By contrast, China’s demands are mainly that the US back off on its recent action; that’s all. Consider the argument going around from pro-China stories about the trade “imbalance”—especially that US’ service and consulting help to narrow the “trade deficit”. The list of Chinese demands don’t account for this or ask that they be calculated in the “trade deficit”.

The mere demands, in themselves, tell us that China does not know what is about to happen in Washington and that Trump knows all to well—probably better than any of his advisers in the White House—what will happen in Beijing. China is in great danger.

Surprises are coming, somewhere. That’s how history always plays out. No war ends without the unexpected and there’s always a joker or two hiding in the deck. The surprises will likely include special and disputed territories, such as Macau, Hong Kong, and Taiwan, as well as international public opinion and some sector of trade or international protocol not yet considered or discussed by anyone—they will surprise everyone. That “surprise sector” could include ocean boundaries or specific products often traded. It could also be an act of God, such as an earthquake, hurricane, or tsunami. But, we have no idea except that any intermediate history student should anticipate at least two surprises before the current cloud passes in the greater storm.

China looks at the US the way the poor working class looked at the aristocracy in Russia. Beijing thinks they are demanding “what is their right”. Remember, this is akin to “Opium War III”, started by a trade imbalance. China demands that the money and “tax payable by way of free technology” continue to flow net into China; the US demands things like “equal” and “fair” in the flow. That is rhetoric from the Opium War prelude. If that war resurfaces, the “English” speaking country won’t be Britain, though Britain still has a dog in the fight: Hong Kong is not to be changed for fifty years, yet this week Hong Kong military youth groups—comparable to Boy Scouts—rejected Chinese requests that they march according to PLA marching steps—meaning that China tried to make a change and Hong Kong could become a target for punitive action from China. Hence, Hong Kong is “fair play” in everyone’s opinion, including public opinion about everyone in the game.

If China had any kind of conflict with the West—whether militarily or over trade—the conclusion could require complete surrender of Hong Kong back to British rule—and Hong Kongers wouldn’t mind.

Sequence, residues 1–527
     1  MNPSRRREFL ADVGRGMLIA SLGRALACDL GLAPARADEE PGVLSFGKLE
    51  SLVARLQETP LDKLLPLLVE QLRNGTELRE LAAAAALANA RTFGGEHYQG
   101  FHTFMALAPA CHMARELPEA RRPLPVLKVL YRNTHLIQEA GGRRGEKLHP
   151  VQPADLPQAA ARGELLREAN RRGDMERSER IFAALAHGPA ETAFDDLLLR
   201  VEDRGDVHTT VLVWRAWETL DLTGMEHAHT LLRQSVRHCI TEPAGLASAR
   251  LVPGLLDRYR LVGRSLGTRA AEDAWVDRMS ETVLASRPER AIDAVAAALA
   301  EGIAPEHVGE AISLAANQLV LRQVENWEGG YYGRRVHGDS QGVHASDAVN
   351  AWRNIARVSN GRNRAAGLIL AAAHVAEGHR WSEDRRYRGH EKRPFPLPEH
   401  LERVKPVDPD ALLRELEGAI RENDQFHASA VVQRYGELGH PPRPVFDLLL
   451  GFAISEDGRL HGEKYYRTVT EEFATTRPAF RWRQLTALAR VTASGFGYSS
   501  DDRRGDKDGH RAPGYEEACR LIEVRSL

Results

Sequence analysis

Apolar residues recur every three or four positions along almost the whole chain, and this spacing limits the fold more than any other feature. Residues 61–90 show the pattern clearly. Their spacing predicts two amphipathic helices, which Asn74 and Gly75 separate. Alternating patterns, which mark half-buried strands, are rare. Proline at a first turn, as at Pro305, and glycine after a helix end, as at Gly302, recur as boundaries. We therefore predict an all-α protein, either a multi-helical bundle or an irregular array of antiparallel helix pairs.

In the territorial disputes, Taiwan declaring independence would certainly rock the boat. Research says Taiwanese overwhelmingly view China as unfriendly. So, Taiwanese certainly wouldn’t mind making their contribution to making a few waves.

China is already on the bench with the Korean issue. Pyongyang just updated the North clocks to no longer be thirty minutes off, but back in time with the South. Where’s China?—exchanging trade demands with the country whose trade blockade preceded the Korean talks.

In all this, Warren Buffet’s advice is that China is a good place for the West to invest. We’ll see.

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Cadence of Conflict: Asia, January 22, 2018

Outcry against China over the Marriott crime of using the survey words “country” and “like” in reference to Tibet, Taiwan, and Hong Kong is over-rated. China has been shutting down propaganda channels and imprisoning people over such crimes for decades. But now, all of a sudden, China’s routine becomes newsworthy? Something is amiss.

The press is stirring dissent against China in anticipation of a US-China conflict once the Korean situation is resolved. Without the Kim Dynasty, people won’t be as panicked. Nothing will sell newspapers like a US-China war. Nothing helps a president get re-elected like a war supported by the public. To that end, everyone is playing their role perfectly.

The US-China conflict might be made possible merely because of Marriott’s cleverly-worded survey. Marriott knew what they were getting into when they entered China’s market. Marriott has lawyers and newspapers. Marriott should have known better. Management is lucky they are not being charged with attempting to appear as a public-stirring victim—like a Lusitania, Pearl Harbor, 9/11, Rosa Parks, or Trayvon Martin. The fact that China isn’t pursuing Marriott for committing the crime on purpose begs the question: Does China understand the subtlety of Western mind games? Maybe they don’t.